Thomas Pearson

2020; 1:2 3-6 The Wabash Center Journal on Teaching
This work is licensed under a Creative Commons Attribution-NonCommercial 4.0 International License

There are a few articles I want to especially call your attention to in this issue of the journal.

First of all we’re publishing a meta-level “Conversation on the Scholarship of Teaching,” (Pearson, Kwok, and Gallagher 2020) which was recorded (transcribed and edited) during the final session of the Wabash Center’s 2017-18 Colloquy on Writing the Scholarship of Teaching (2020b). Over the previous year, each of the Colloquy participants had been developing their own essay on a topic in the scholarship of teaching religion and theology. The Conversation begins with reflections on the scholarly peer review process, but quickly expands out to debates about the contours of the scholarship on teaching, and the value of this literature—to authors and to readers—for cultivating a successful teaching practice. Interested readers might want to also take a look at the “Conversation with Maryellen Weimer” (Weimer 2020) in the January issue, a wide ranging discussion of how the Wabash journal fits within the broad range of genres and journals that constitute the scholarship of teaching.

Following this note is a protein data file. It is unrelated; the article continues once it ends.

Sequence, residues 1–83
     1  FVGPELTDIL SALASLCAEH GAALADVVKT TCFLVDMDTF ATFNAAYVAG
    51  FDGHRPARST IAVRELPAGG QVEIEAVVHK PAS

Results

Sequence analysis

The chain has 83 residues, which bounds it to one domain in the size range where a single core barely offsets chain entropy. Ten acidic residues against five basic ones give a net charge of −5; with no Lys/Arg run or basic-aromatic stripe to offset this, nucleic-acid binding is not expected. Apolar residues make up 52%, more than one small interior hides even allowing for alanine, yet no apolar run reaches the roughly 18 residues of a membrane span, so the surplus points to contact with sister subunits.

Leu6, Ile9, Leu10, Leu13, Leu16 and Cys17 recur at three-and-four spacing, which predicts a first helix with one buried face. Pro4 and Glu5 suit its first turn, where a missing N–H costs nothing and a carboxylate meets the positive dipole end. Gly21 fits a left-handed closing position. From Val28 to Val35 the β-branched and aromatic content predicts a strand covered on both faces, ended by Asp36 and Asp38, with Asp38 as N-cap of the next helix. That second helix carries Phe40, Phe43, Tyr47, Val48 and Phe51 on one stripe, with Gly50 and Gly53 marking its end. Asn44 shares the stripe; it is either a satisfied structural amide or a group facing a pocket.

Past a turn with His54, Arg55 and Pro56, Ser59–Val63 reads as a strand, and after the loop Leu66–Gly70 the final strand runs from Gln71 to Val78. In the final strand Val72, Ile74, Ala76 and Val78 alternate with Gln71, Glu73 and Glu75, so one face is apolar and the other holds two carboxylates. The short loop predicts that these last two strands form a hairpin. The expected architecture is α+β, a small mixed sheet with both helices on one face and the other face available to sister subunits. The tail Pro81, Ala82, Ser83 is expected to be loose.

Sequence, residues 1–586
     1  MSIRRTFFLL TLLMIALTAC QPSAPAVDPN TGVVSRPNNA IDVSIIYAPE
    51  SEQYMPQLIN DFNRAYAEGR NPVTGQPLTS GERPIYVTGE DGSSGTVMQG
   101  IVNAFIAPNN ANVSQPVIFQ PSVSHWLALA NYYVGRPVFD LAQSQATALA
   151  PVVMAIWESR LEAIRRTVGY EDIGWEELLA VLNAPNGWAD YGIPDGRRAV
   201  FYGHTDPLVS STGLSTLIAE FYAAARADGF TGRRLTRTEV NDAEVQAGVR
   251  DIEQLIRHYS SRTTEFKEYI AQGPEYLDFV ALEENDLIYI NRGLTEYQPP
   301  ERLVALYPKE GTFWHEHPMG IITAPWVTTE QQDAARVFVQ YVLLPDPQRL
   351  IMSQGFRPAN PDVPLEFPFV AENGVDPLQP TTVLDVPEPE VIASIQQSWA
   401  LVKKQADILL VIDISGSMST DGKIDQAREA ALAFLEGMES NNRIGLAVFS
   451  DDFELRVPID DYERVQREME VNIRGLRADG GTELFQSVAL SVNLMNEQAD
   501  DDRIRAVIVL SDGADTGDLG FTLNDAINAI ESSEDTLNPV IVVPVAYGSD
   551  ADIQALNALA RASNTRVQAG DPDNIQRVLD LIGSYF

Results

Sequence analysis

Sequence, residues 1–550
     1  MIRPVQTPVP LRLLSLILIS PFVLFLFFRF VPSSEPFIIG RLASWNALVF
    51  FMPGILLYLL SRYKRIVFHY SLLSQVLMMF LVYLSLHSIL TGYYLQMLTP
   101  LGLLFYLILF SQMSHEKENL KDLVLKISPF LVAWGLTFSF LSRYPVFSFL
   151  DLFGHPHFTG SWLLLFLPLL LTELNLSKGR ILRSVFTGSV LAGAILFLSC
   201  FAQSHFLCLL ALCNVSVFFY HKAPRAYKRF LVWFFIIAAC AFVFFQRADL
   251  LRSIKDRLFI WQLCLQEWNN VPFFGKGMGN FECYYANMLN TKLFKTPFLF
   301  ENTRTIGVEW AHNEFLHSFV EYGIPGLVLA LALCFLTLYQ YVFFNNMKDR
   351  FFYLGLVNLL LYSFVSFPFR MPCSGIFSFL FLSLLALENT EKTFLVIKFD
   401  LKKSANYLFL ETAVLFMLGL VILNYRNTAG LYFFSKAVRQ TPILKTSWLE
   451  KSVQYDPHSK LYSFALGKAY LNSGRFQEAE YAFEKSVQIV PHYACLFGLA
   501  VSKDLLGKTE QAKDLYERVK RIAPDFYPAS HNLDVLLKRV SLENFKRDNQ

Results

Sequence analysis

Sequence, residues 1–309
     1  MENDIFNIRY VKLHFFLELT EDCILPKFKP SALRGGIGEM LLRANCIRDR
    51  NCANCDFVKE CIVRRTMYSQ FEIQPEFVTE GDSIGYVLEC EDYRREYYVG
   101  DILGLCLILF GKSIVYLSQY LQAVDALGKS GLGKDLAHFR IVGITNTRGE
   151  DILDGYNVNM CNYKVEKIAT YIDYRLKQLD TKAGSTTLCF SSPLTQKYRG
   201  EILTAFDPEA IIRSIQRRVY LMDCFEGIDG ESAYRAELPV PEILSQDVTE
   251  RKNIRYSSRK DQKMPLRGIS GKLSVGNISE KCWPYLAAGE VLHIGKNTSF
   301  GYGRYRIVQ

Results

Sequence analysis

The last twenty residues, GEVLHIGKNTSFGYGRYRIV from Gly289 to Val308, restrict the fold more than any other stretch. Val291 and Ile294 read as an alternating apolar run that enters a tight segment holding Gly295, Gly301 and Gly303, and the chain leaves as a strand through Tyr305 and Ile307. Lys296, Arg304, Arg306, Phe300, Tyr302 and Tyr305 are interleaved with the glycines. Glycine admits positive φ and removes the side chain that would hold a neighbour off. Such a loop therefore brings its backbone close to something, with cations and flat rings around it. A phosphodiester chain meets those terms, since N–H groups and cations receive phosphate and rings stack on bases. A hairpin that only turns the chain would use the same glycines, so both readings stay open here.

Secondly, I want to call your attention to the Forum on James Cone (1938-2018), the founder of black liberation theology (Editor 2020). Andrea White, a member of the journal’s editorial board and associate professor of theology and culture at Union Theological Seminary convened a panel of some of his recent students after his death in 2018. Their essays speak to his power in the classroom and the transformational impact he had on his students. Again, interested readers might want to take a look at the “Forum on the Teaching Legacy of Dr. Katie Geneva Cannon” (Kwok 2020) published by her former students in the January issue of this journal.